Just hit your knees
The just hit your knees argument is that one may come to know god by worshipping him. That is, if a person lives by the teachings of a specific religion, then the benefits of doing so will manifest and the person may know that the religion is therefore true.
Rationality of the argument
In essence, this argument is an appeal to empiricism. The theist is asking the non-believer to engage in an experiment. Try X. If X results in a pleasant outcome, this means that it is a true principle to live by, and therefore this religion is a good one to follow.
Fallacy of the argument
The fallacy that accompanies this argument is not in the actual theory of the argument, but in practice. When the experiment is carried out, the standard procedure for scientific experiments is not followed. In a scientific experiment, the hypothesis of the experiment must be falsifiable. That is, there must be a null hypothesis.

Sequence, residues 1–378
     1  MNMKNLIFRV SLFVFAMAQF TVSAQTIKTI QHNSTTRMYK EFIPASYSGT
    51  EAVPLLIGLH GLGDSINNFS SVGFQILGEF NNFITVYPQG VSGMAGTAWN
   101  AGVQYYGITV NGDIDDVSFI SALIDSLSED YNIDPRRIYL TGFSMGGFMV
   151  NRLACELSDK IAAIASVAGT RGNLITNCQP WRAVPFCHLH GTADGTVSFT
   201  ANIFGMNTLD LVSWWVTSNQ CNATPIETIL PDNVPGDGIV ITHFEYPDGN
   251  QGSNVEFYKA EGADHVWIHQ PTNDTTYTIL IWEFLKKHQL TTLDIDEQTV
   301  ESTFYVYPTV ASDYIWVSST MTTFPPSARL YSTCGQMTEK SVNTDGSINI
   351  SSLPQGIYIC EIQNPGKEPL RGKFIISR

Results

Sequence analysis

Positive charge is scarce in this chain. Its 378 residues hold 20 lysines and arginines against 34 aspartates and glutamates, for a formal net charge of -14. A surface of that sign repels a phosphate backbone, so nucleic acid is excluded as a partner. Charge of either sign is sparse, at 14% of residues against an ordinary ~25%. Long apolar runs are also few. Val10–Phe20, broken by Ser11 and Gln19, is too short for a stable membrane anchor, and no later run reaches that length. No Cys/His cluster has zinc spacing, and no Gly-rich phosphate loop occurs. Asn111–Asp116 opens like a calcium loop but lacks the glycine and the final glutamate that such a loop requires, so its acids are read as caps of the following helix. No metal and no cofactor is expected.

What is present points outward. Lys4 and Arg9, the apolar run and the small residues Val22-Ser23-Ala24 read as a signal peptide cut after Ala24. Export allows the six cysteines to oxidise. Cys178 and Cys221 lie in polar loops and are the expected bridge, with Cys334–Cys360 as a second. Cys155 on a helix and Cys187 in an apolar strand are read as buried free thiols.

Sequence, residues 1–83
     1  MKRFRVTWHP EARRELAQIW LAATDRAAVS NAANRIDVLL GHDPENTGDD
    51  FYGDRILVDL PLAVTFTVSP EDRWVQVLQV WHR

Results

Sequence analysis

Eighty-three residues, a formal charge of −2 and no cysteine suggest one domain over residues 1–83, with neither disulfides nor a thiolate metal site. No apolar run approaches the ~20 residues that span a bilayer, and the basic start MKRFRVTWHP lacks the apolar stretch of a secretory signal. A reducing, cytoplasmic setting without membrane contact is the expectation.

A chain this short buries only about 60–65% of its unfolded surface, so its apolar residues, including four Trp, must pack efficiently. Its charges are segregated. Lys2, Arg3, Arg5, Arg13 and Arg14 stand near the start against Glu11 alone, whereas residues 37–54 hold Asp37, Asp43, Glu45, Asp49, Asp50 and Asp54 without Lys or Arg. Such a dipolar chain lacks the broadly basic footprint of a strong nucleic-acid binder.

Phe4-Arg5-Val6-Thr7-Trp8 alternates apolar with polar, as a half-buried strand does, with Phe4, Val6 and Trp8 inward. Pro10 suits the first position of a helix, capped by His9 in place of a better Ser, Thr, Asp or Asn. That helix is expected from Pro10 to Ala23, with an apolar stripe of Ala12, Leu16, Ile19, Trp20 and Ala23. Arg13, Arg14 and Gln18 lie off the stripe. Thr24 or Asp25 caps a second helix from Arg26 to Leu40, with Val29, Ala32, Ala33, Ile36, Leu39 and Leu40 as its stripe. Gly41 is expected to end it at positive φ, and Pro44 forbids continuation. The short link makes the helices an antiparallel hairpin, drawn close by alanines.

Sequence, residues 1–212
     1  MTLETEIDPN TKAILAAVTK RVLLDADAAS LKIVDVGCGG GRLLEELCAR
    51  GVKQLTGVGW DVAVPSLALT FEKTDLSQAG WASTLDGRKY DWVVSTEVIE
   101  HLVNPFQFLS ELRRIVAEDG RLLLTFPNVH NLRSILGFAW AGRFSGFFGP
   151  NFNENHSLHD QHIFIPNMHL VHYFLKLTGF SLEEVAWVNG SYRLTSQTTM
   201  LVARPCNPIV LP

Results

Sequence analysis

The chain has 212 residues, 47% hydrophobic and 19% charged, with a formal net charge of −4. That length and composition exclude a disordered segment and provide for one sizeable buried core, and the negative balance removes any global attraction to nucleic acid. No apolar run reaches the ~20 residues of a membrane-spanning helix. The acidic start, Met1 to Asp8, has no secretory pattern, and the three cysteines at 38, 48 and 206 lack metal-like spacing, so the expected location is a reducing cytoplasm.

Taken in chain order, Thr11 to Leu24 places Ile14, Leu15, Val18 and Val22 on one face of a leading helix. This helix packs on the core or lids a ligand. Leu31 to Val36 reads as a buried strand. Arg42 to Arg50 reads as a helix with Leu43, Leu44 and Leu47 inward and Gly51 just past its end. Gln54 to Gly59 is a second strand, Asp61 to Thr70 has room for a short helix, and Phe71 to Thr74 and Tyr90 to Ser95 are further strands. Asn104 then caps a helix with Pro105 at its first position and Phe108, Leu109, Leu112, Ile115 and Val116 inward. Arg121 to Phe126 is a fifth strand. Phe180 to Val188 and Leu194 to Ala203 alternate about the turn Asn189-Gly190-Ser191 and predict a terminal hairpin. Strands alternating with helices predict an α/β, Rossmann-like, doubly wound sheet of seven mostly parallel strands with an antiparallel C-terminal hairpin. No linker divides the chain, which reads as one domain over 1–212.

With this particular experiment, the test hypothesis should be "This religion is true" and the null hypothesis should be "This religion is false". When the experiment is performed, if the desired result is not obtained, a theist may often counter with a reason why the experiment went bad. For example, the experimenter did not have enough faith or did not perform the action to a sufficient standard in order for it to be valid. However, the conclusion in the case of a failed experiment should be that the null hypothesis may actually be the truth.
More generally, the fallacy being committed here is that the conclusion has been reached before the experiment has begun. In religions which promote prayer to a deity or deities, it is often said that every prayer is answered, but that sometimes the answer is "no" or "not yet", and that sometimes the answer is that there is no answer. The fallacy is that any possible outcome is interpreted as a positive result for proving the test hypothesis. There is no conceivable outcome which would imply the null hypothesis--that the religion is not true.